kafka: the early years

John Banville at the NYRB:

For a person as sensitive as Kafka was, or at least as he presented himself as being—it is entirely possible to view his life in a light other than the one he himself shone upon it—inner escape was the only available strategy. “If we are to believe his own personal mythology,” Stach writes, “he drifted out of life and into literature,” to the point, indeed, that as an adult he would declare that he was literature, and nothing else. Stach, however, offers another and, in its way, far more interesting possibility when he asks, “What if literature was the only feasible way back for him?” Yet along this route into the psychological depths of Kafka’s emotional and artistic self we must pick our way carefully, recalling Kafka’s own skepticism toward Freudian analysis—“I consider the therapeutic part of psychoanalysis a helpless error”—and keeping in mind one of what are known as the Zürau aphorisms, in which he declares with uncharacteristic vehemence: “No psychology ever again!”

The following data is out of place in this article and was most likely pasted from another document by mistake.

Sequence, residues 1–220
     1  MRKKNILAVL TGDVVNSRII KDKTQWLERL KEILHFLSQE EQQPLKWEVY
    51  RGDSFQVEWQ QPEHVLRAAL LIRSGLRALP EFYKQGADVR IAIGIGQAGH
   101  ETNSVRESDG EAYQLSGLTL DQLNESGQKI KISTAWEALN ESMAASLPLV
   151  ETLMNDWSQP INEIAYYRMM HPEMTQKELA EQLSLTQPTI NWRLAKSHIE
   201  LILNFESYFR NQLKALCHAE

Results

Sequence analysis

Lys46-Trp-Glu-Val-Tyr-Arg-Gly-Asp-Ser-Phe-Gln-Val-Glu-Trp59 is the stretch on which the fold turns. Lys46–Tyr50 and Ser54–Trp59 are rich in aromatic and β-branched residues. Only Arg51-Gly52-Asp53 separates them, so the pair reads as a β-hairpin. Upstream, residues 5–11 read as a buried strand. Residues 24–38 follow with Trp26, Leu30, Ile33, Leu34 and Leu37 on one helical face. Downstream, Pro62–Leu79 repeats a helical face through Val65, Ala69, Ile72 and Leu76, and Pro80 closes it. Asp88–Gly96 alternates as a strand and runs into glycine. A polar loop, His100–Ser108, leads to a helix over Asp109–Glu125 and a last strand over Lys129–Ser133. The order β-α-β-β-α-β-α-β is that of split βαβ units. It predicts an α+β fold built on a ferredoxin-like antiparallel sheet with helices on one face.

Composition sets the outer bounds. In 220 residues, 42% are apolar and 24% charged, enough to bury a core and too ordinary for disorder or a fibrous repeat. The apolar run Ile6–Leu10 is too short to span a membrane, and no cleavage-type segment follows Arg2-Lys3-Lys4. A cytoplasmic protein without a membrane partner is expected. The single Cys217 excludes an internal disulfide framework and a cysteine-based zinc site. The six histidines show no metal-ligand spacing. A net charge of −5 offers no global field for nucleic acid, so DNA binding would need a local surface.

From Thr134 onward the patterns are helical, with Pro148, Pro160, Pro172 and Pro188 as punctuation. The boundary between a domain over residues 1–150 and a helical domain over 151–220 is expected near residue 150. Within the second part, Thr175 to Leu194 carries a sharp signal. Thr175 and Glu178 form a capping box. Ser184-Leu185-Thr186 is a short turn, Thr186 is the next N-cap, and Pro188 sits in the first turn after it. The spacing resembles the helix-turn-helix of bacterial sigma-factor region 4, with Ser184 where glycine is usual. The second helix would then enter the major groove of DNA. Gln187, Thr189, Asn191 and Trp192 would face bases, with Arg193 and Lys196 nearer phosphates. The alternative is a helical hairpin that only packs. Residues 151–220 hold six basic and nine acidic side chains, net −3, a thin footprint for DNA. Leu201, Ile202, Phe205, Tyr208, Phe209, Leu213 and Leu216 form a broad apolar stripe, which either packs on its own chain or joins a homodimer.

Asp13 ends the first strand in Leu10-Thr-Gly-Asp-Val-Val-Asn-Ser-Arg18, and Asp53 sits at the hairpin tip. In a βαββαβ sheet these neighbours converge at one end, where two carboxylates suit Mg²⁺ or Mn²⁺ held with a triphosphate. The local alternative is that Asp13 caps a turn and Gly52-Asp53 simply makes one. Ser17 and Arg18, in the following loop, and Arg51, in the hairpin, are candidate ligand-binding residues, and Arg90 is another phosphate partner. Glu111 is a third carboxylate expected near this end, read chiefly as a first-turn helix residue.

Naturally much of this volume is taken up with an account of Kafka’s formal education. One might expect that the student years of an artist would be of great biographical interest, but it is rarely the case, and Stach’s account of Kafka’s schooling is no exception. Perhaps the reason is that the education of an artist is for the most part a self-administered process, the progress of which is not recorded in class placings and examination results.

more here.